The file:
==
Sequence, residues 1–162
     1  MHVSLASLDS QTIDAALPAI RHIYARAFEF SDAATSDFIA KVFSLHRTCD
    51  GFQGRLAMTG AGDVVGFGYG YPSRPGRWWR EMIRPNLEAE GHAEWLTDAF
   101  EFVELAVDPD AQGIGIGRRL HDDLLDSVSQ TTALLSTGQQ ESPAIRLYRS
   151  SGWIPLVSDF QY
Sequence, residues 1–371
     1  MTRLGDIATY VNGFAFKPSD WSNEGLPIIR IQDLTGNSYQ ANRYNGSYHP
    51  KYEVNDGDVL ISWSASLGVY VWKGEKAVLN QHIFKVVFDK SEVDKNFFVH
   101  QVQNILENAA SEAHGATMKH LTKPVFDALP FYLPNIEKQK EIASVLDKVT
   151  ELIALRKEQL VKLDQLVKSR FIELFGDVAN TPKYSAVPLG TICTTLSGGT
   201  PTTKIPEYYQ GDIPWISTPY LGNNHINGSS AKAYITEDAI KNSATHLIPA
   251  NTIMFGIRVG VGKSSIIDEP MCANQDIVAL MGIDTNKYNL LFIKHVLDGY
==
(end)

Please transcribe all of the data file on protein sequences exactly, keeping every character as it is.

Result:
Sequence, residues 1–162
     1  MHVSLASLDS QTIDAALPAI RHIYARAFEF SDAATSDFIA KVFSLHRTCD
    51  GFQGRLAMTG AGDVVGFGYG YPSRPGRWWR EMIRPNLEAE GHAEWLTDAF
   101  EFVELAVDPD AQGIGIGRRL HDDLLDSVSQ TTALLSTGQQ ESPAIRLYRS
   151  SGWIPLVSDF QY
Sequence, residues 1–371
     1  MTRLGDIATY VNGFAFKPSD WSNEGLPIIR IQDLTGNSYQ ANRYNGSYHP
    51  KYEVNDGDVL ISWSASLGVY VWKGEKAVLN QHIFKVVFDK SEVDKNFFVH
   101  QVQNILENAA SEAHGATMKH LTKPVFDALP FYLPNIEKQK EIASVLDKVT
   151  ELIALRKEQL VKLDQLVKSR FIELFGDVAN TPKYSAVPLG TICTTLSGGT
   201  PTTKIPEYYQ GDIPWISTPY LGNNHINGSS AKAYITEDAI KNSATHLIPA
   251  NTIMFGIRVG VGKSSIIDEP MCANQDIVAL MGIDTNKYNL LFIKHVLDGY